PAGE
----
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Do States Need Digital Accessibility Coordinators?

A new brief from the National Association of State Chief Information Officers underlines the importance of and reason for having a position dedicated to statewide digital accessibility coordination.

Image shows black keyboard with red key that says "Accessibility" and features a wheelchair symbol.
The role of a statewide digital accessibility coordinator is an important one for states to have, according to a brief release this week by the National Association of State Chief Information Officers (NASCIO).

As government agencies increase focus on diversity, equity and inclusion, there is a need for greater focus on accessibility — an area that government agencies sometimes fall short on. With the rise of digital government, accessibility is imperative to ensuring equitable access to government services.

The recently published brief argues that states benefit from having staff dedicated to this work. Massachusetts, for example, recently established a new position dedicated to advancing IT accessibility.

The organization reports that at least 15 states have a coordinator role responsible for overseeing a digital accessibility team, with other states planning to create such a position.

“With the expansion of digital government services, accessibility is an imperative,” said Meredith Ward, NASCIO deputy executive director in the announcement. “With nearly 40 percent of citizens over the age of 16 now having at least one disability, making these digital services accessible is more important than ever.”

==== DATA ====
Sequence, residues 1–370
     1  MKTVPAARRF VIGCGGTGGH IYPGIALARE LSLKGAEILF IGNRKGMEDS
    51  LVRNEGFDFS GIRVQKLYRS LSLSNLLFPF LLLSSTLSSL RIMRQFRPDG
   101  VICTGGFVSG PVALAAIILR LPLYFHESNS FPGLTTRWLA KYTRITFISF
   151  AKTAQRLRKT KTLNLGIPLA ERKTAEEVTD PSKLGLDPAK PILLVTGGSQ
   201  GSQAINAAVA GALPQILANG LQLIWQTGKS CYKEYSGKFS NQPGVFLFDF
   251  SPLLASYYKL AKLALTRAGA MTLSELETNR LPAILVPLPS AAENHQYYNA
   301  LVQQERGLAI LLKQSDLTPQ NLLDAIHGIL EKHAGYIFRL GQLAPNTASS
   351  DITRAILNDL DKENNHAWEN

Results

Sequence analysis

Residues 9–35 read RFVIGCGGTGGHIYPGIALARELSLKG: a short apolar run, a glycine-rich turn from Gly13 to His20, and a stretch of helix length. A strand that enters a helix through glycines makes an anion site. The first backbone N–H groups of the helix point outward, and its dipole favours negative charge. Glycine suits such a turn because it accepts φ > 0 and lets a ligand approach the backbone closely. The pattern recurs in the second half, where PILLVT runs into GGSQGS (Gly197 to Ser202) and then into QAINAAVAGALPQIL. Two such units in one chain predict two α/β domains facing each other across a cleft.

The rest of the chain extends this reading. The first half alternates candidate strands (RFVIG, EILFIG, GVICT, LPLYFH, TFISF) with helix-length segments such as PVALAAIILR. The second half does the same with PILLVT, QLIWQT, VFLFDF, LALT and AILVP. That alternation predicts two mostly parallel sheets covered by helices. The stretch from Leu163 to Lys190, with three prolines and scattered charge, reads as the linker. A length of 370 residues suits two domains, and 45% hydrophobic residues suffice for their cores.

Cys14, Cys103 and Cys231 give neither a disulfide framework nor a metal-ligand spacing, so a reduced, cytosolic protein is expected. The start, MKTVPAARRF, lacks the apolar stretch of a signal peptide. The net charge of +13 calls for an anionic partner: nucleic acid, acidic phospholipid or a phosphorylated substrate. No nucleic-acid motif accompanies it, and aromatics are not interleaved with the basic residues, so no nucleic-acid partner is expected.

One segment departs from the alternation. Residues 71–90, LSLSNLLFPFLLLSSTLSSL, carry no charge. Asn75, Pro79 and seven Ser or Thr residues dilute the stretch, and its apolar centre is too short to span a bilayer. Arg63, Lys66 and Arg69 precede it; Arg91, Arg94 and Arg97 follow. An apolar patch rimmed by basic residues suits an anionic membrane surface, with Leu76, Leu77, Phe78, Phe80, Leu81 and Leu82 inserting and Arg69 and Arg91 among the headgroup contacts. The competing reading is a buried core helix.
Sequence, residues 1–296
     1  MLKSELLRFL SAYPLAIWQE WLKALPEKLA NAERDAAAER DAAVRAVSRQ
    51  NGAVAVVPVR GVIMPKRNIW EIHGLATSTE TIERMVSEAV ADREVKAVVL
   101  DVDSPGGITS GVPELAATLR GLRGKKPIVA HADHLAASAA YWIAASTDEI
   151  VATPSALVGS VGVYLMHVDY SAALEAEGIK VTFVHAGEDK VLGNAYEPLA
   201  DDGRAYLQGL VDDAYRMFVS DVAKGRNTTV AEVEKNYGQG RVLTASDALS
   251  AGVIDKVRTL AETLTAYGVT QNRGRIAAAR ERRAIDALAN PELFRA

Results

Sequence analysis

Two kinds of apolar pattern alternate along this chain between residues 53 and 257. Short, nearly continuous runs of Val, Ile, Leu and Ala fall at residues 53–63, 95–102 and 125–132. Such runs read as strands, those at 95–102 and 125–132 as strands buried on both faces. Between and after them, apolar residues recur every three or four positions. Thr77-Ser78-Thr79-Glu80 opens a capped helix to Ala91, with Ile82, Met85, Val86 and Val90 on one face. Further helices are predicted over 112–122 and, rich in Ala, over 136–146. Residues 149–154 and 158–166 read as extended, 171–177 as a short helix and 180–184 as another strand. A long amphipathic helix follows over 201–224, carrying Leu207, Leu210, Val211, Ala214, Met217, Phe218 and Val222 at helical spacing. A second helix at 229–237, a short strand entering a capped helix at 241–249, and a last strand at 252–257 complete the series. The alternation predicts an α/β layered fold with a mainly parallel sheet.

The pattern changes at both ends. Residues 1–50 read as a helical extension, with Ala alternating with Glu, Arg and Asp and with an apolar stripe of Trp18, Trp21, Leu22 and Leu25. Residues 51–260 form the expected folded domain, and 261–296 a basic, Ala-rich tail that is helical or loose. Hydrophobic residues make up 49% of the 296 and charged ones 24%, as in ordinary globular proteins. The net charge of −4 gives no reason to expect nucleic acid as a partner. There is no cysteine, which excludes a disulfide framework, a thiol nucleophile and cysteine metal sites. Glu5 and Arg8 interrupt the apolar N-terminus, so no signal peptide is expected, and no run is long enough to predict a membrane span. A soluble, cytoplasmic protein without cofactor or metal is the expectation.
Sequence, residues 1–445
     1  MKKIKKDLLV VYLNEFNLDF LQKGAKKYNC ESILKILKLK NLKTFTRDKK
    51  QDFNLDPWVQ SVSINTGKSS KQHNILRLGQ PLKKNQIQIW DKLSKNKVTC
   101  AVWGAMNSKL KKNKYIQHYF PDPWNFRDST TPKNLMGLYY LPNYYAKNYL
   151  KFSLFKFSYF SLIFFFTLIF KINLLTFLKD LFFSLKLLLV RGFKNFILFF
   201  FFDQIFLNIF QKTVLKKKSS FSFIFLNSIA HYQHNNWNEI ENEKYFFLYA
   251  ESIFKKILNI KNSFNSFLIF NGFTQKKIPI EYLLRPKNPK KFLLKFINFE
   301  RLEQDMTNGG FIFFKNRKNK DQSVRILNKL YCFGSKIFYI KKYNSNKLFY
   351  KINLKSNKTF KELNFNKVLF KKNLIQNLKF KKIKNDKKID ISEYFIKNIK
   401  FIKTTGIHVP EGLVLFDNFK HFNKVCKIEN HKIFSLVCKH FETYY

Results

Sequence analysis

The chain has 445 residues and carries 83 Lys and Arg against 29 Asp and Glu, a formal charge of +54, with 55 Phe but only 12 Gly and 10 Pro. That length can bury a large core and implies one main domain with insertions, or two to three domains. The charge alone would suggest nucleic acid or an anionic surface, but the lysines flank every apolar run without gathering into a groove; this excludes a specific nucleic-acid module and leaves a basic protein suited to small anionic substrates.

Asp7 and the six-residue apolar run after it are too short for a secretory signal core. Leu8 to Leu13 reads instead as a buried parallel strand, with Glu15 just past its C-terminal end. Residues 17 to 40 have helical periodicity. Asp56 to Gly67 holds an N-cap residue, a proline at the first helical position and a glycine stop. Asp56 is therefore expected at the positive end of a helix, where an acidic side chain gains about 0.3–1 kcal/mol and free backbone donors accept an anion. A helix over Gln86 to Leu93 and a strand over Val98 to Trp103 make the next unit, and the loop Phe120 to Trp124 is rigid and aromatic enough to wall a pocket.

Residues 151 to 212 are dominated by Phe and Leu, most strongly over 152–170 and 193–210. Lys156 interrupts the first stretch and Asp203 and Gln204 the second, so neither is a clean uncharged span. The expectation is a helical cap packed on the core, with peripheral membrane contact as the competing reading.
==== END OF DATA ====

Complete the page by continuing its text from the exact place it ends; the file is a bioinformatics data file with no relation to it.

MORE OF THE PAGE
Such a position may go by other names, including chief IT accessibility officer, chief information accessibility officer and other titles.

Other responsibilities surrounding this position might include improving access to state programs and services; assessing usability and implementing improvements for digital products and services; auditing state websites and other digital platforms for accessibility; offering accessibility training to state employees; and advocating for the use of accessibility best practices across state agencies.

In some cases, the position may work with the state procurement office and vendors to ensure those products are also accessible. In most cases, the position will serve as the main point of contact for coordinating various statewide accessibility-related initiatives.

For states who do not have the role in place but would like to establish it, such a position could be created at the discretion of the CIO, through legislation or by executive order. Funding is the most significant barrier, the report notes. NASCIO recommends that for states without this position in place, assembling a review team can help assess and improve policies and procedures.

The brief states that the NASCIO state IT community believes this role is important because it helps states address accessibility both more effectively and more consistently.

“Simply put, it’s the right thing to do,” said Kathryn Michener, New Hampshire's director of user experience, in the brief.

Not only can this position make government more inclusive, but it can help ensure compliance. For example, the updated Section 508 of the Rehabilitation Act of 1973 requires federal agencies to make IT accessible to people with disabilities. While Section 508 applies specifically to the federal government, there are implications that impact employees at the state level. This position can help monitor requirements and implement changes as necessary.